Banking to Unbanked Population
Speaker : Ms.R.S. Isabella,
Executive Director & Managing Director In-charge, Repco Bank
“Financial literacy and inclusion is the challenge today, we have lots of opportunities in regard to financial inclusion and that’s exactly what the government is trying to do with its schemes,” says Ms. R.S. Isabella, Managing Director, REPCO Bank. She addressed the students of Loyola Institute of Business Administration on the topic ‘Banking to Unbanked Population’ at the BMI session held on 31st January 2018.
She says financial inclusion aims at delivery of banking services to the common man including the underprivileged, migrant workers, senior citizens and farmers. This will extend the access of a bank to every single citizen of the country at an affordable cost. In a recent study, it was evident that the unbanked population stands at 233 million from around 557 million and she says we still have a long way to include them too. “The main reason why people do not wish to open a bank account is because of low financial literacy, remoteness of the place and cultural barriers mainly. We form 21% of the world unbanked population which is a sad state that needs immediate attention,” explains Ms. Isabella who has a dual Masters’ degree in Bank Management and Business Administration.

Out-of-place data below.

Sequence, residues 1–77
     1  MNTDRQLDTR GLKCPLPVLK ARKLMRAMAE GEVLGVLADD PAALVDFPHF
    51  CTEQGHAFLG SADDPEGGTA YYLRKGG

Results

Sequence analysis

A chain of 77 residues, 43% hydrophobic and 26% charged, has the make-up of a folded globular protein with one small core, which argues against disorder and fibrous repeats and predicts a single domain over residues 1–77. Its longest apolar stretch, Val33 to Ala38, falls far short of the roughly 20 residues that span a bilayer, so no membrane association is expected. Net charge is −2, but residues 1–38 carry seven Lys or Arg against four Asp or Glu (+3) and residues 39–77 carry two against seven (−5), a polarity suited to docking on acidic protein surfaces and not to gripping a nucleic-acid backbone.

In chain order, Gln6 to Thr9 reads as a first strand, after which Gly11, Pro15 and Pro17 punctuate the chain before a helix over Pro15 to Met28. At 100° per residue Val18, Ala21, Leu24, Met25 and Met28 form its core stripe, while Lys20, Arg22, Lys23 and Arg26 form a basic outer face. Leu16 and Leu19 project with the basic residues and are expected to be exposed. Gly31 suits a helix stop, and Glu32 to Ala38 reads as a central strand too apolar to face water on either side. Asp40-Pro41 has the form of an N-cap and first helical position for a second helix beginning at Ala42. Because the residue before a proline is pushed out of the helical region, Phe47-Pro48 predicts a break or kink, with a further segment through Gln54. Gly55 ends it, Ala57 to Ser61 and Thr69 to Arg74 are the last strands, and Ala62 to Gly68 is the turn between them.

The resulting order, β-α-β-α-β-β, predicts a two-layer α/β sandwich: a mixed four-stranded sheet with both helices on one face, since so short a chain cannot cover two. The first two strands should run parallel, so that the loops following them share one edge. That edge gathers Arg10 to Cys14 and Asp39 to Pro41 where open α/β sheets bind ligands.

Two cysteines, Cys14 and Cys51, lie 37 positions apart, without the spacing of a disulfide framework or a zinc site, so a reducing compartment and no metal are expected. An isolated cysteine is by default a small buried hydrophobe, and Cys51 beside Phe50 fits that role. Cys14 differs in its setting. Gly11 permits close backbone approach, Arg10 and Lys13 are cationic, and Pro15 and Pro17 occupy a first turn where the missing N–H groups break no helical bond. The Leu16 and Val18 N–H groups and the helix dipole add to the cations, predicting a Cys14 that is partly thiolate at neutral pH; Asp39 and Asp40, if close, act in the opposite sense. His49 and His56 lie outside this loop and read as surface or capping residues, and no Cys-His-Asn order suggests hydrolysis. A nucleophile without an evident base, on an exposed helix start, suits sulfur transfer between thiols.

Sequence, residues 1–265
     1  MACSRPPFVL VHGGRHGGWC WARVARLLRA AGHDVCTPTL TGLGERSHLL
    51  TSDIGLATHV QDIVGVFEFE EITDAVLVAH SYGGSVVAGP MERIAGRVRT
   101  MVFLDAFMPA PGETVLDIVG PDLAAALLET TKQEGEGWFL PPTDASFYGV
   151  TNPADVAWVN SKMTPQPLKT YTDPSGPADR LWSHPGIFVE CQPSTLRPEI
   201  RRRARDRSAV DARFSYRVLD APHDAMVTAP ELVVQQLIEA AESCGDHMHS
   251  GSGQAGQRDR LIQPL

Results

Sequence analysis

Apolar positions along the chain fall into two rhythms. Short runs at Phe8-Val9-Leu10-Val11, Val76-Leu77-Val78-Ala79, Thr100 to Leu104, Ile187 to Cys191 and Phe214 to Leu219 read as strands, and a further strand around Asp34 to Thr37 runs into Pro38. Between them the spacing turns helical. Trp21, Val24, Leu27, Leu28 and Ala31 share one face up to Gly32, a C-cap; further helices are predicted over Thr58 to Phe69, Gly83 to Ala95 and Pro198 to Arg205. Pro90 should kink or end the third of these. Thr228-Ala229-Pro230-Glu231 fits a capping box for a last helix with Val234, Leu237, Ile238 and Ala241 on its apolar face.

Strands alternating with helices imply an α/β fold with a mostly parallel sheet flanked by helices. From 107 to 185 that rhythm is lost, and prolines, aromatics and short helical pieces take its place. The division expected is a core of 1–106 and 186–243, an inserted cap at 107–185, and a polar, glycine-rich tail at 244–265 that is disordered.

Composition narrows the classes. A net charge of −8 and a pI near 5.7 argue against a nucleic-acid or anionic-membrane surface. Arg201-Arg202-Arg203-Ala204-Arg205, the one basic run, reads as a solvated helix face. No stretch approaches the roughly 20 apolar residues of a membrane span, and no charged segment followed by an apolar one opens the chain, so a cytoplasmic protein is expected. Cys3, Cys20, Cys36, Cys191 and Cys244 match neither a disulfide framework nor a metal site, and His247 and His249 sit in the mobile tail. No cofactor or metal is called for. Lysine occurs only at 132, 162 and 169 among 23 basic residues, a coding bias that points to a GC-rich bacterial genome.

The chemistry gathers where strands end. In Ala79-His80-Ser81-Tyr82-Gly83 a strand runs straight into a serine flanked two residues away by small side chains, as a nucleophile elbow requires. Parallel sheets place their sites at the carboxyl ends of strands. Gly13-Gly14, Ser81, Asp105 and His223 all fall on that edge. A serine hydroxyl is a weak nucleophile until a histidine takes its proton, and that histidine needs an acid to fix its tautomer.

She says there are two approaches of the RBI to inculcate financial literacy among people – Minimalized approach which is making basic financial product and services available and Expanded approach which is making ancillary services like insurance available easily. “Some of the main initiatives by the Government has been Nationalisation of banks, forming self-help groups, easy loan scheme, micro-financing etc. which has made it easy to implement these approaches,” says Ms. Isabella. She believes the promotion of digital villages play a key role as it enhances access to seamless and digital banking and thus enabling direct transfer of government benefits without middlemen. She explained the importance of cooperative banks and the crucial role they play which is almost like a lifeline in the rural parts of the country. It is one of the largest structure in India with more than 200 million members.
Contributed by: Jasmine Sangeetha Jarald